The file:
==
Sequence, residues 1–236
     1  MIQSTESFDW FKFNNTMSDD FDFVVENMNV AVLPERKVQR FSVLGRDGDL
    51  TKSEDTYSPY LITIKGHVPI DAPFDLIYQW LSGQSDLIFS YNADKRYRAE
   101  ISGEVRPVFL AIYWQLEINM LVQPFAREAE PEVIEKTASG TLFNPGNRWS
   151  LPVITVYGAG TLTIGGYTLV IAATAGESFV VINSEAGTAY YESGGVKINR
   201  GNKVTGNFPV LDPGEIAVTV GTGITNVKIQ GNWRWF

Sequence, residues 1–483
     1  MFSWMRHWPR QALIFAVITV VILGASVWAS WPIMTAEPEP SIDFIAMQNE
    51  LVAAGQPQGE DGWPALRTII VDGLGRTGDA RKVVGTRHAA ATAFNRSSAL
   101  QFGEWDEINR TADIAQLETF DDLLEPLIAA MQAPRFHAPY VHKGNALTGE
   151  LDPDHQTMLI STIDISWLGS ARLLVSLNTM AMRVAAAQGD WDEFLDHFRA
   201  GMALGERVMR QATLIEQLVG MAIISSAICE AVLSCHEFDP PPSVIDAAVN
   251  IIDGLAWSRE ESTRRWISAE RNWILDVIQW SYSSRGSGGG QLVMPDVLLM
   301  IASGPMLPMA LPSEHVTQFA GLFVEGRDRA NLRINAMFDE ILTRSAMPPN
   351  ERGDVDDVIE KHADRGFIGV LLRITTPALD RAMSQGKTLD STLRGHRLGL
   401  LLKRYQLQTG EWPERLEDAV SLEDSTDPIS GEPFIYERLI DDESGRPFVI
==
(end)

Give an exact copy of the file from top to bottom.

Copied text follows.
Sequence, residues 1–236
     1  MIQSTESFDW FKFNNTMSDD FDFVVENMNV AVLPERKVQR FSVLGRDGDL
    51  TKSEDTYSPY LITIKGHVPI DAPFDLIYQW LSGQSDLIFS YNADKRYRAE
   101  ISGEVRPVFL AIYWQLEINM LVQPFAREAE PEVIEKTASG TLFNPGNRWS
   151  LPVITVYGAG TLTIGGYTLV IAATAGESFV VINSEAGTAY YESGGVKINR
   201  GNKVTGNFPV LDPGEIAVTV GTGITNVKIQ GNWRWF

Sequence, residues 1–483
     1  MFSWMRHWPR QALIFAVITV VILGASVWAS WPIMTAEPEP SIDFIAMQNE
    51  LVAAGQPQGE DGWPALRTII VDGLGRTGDA RKVVGTRHAA ATAFNRSSAL
   101  QFGEWDEINR TADIAQLETF DDLLEPLIAA MQAPRFHAPY VHKGNALTGE
   151  LDPDHQTMLI STIDISWLGS ARLLVSLNTM AMRVAAAQGD WDEFLDHFRA
   201  GMALGERVMR QATLIEQLVG MAIISSAICE AVLSCHEFDP PPSVIDAAVN
   251  IIDGLAWSRE ESTRRWISAE RNWILDVIQW SYSSRGSGGG QLVMPDVLLM
   301  IASGPMLPMA LPSEHVTQFA GLFVEGRDRA NLRINAMFDE ILTRSAMPPN
   351  ERGDVDDVIE KHADRGFIGV LLRITTPALD RAMSQGKTLD STLRGHRLGL
   401  LLKRYQLQTG EWPERLEDAV SLEDSTDPIS GEPFIYERLI DDESGRPFVI